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Jonathan Tobin: Defending the Right to a Jewish State

Heather Hale: Compliment your kids without giving them big heads

Megan Shauri: 10 ways you are ruining your own happiness

Carolyn Bigda: 8 Best Dividend Stocks for 2015

Kiplinger's Personal Finance editors: 7 Things You Didn't Know About Paying Off Student Loans

Samantha Olson: The Crucial Mistake 55% Of Parents Are Making At Their Baby's Bedtime

Densie Well, Ph.D., R.D. Open your eyes to yellow vegetables

The Kosher Gourmet by Megan Gordon With its colorful cache of purples and oranges and reds, COLLARD GREEN SLAW is a marvelous mood booster --- not to mention just downright delish
April 18, 2014

Rabbi Yonason Goldson: Clarifying one of the greatest philosophical conundrums in theology

Caroline B. Glick: The disappearance of US will

Megan Wallgren: 10 things I've learned from my teenagers

Lizette Borreli: Green Tea Boosts Brain Power, May Help Treat Dementia

John Ericson: Trying hard to be 'positive' but never succeeding? Blame Your Brain

The Kosher Gourmet by Julie Rothman Almondy, flourless torta del re (Italian king's cake), has royal roots, is simple to make, . . . but devour it because it's simply delicious

April 14, 2014

Rabbi Dr Naftali Brawer: Passover frees us from the tyranny of time

Greg Crosby: Passing Over Religion

Eric Schulzke: First degree: How America really recovered from a murder epidemic

Georgia Lee: When love is not enough: Teaching your kids about the realities of adult relationships

Cameron Huddleston: Freebies for Your Lawn and Garden

Gordon Pape: How you can tell if your financial adviser is setting you up for potential ruin

Dana Dovey: Up to 500,000 people die each year from hepatitis C-related liver disease. New Treatment Has Over 90% Success Rate

Justin Caba: Eating Watermelon Can Help Control High Blood Pressure

The Kosher Gourmet by Joshua E. London and Lou Marmon Don't dare pass over these Pesach picks for Manischewitz!

April 11, 2014

Rabbi Hillel Goldberg: Silence is much more than golden

Caroline B. Glick: Forgetting freedom at Passover

Susan Swann: How to value a child for who he is, not just what he does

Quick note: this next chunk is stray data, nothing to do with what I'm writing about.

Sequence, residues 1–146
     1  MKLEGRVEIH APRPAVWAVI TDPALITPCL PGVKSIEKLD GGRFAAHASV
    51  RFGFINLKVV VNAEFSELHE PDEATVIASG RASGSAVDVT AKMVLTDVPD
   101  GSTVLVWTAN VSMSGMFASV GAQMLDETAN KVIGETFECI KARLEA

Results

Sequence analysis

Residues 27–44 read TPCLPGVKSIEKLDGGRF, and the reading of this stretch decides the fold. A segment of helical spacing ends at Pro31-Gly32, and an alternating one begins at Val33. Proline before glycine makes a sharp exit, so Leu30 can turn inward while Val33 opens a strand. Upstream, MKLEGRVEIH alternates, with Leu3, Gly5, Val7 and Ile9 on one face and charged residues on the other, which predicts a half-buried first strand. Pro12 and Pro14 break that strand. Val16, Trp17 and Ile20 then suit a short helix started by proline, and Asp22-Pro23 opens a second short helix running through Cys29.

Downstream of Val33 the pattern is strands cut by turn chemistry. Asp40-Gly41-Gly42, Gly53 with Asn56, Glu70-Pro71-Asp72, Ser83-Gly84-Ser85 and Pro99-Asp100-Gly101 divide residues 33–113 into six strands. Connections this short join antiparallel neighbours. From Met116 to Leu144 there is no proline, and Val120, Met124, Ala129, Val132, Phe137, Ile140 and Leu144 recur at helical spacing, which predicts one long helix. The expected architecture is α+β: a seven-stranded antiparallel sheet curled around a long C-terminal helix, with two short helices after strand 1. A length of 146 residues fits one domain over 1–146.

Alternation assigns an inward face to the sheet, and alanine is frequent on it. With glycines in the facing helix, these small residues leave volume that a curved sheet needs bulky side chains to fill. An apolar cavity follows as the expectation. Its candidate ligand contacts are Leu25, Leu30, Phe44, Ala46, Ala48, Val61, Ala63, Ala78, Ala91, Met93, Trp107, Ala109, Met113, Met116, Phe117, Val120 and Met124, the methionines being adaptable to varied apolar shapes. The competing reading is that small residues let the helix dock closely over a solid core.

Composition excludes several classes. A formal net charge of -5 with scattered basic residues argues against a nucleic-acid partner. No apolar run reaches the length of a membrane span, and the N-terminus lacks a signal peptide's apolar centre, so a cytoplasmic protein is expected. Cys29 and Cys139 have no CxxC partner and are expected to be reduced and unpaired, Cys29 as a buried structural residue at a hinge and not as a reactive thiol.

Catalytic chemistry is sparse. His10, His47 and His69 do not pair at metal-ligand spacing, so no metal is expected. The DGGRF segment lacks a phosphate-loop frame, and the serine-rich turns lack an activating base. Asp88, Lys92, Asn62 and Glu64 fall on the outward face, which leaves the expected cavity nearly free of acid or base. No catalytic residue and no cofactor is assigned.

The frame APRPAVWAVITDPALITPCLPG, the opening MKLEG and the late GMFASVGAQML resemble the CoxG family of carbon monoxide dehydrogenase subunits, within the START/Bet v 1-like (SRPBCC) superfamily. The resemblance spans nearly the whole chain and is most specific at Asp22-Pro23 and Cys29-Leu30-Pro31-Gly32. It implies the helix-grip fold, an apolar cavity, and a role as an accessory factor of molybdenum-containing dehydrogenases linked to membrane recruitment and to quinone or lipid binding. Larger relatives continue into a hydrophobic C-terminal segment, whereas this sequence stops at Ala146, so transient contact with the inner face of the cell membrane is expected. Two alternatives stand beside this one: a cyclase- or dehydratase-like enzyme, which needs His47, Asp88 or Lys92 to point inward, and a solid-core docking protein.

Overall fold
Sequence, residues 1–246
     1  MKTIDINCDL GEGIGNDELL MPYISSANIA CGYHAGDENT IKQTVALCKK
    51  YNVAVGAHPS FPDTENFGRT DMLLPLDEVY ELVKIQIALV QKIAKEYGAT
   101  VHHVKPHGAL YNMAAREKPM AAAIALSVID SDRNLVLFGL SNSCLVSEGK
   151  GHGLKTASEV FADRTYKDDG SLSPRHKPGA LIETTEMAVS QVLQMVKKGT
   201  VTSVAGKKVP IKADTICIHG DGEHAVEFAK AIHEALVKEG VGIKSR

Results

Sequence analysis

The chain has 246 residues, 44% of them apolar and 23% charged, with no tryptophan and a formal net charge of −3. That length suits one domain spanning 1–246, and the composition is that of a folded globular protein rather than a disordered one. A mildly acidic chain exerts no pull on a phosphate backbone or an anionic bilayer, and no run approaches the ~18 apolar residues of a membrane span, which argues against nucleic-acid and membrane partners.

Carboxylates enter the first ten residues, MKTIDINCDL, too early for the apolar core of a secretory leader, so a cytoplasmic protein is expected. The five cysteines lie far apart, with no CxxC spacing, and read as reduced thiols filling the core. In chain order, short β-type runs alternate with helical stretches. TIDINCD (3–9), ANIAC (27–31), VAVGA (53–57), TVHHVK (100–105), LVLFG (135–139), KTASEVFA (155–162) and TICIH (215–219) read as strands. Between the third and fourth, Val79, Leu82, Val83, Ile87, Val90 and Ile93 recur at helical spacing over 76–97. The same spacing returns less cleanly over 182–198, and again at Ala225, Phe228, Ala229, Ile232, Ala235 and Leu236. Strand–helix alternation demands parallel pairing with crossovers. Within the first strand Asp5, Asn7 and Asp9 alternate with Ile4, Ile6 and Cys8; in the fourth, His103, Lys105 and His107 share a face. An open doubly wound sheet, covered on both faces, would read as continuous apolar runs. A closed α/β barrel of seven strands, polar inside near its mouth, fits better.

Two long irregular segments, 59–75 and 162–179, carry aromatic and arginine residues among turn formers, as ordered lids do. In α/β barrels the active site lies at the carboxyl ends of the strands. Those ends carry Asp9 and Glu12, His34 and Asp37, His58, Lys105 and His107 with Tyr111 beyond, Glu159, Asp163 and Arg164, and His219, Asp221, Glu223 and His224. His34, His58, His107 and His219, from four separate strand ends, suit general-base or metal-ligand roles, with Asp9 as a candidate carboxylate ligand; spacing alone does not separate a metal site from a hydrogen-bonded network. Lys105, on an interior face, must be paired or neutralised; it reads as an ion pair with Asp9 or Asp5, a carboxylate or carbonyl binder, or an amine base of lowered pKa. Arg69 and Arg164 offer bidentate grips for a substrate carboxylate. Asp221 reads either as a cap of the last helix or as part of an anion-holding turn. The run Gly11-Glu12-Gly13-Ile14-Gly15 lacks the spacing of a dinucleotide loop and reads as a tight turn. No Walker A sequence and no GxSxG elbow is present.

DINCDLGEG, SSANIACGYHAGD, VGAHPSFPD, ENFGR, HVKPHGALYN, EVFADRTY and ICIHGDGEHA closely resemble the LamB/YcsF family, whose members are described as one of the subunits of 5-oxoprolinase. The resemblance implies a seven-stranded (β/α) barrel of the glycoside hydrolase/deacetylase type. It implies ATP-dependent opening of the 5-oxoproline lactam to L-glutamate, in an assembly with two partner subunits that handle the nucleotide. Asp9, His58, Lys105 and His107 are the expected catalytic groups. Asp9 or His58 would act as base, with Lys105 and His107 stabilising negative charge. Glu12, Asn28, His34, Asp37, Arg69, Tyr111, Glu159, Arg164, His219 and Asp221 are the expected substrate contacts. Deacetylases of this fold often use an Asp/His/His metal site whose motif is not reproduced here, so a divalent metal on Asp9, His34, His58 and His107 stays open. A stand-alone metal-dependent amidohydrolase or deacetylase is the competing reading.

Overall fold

Cameron Huddleston: 7 Financial Tasks You Should Tackle Right Now

Sandra Block and Lisa Gerstner: How to Profit From Your Passion

Susan Scutti: A Simple Blood Test Might Soon Diagnose Cancer

Chris Weller: Have A Slow Metabolism? Let Science Speed It Up For You

The Kosher Gourmet by Diane Rossen Worthington Whitefish Terrine: A French take on gefilte fish

April 9, 2014

Jonathan Tobin: Why Did Kerry Lie About Israeli Blame?

Samuel G. Freedman: A resolution 70 years later for a father's unsettling legacy of ashes from Dachau

Jessica Ivins: A resolution 70 years later for a father's unsettling legacy of ashes from Dachau

Kim Giles: Asking for help is not weakness

Kathy Kristof and Barbara Hoch Marcus: 7 Great Growth Israeli Stocks

Matthew Mientka: How Beans, Peas, And Chickpeas Cleanse Bad Cholesterol and Lowers Risk of Heart Disease

Sabrina Bachai: 5 At-Home Treatments For Headaches

The Kosher Gourmet by Daniel Neman Have yourself a matzo ball: The secrets bubby never told you and recipes she could have never imagined

April 8, 2014

Lori Nawyn: At Your Wit's End and Back: Finding Peace

Susan B. Garland and Rachel L. Sheedy: Strategies Married Couples Can Use to Boost Benefits

David Muhlbaum: Smart Tax Deductions Non-Itemizers Can Claim

Jill Weisenberger, M.S., R.D.N., C.D.E : Before You Lose Your Mental Edge

Dana Dovey: Coffee Drinkers Rejoice! Your Cup Of Joe Can Prevent Death From Liver Disease

Chris Weller: Electric 'Thinking Cap' Puts Your Brain Power Into High Gear

The Kosher Gourmet by Marlene Parrish A gift of hazelnuts keeps giving --- for a variety of nutty recipes: Entree, side, soup, dessert

April 4, 2014

Rabbi David Gutterman: The Word for Nothing Means Everything

Charles Krauthammer: Kerry's folly, Chapter 3

Amy Peterson: A life of love: How to build lasting relationships with your children

John Ericson: Older Women: Save Your Heart, Prevent Stroke Don't Drink Diet

John Ericson: Why 50 million Americans will still have spring allergies after taking meds

Cameron Huddleston: Best and Worst Buys of April 2014

Stacy Rapacon: Great Mutual Funds for Young Investors

Sarah Boesveld: Teacher keeps promise to mail thousands of former students letters written by their past selves

The Kosher Gourmet by Sharon Thompson Anyone can make a salad, you say. But can they make a great salad? (SECRETS, TESTED TECHNIQUES + 4 RECIPES, INCLUDING DRESSINGS)

April 2, 2014

Paul Greenberg: Death and joy in the spring

Dan Barry: Should South Carolina Jews be forced to maintain this chimney built by Germans serving the Nazis?

Mayra Bitsko: Save me! An alien took over my child's personality

Frank Clayton: Get happy: 20 scientifically proven happiness activities

Susan Scutti: It's Genetic! Obesity and the 'Carb Breakdown' Gene

Lecia Bushak: Why Hand Sanitizer May Actually Harm Your Health

Stacy Rapacon: Great Funds You Can Own for $500 or Less

Cameron Huddleston: 7 Ways to Save on Home Decor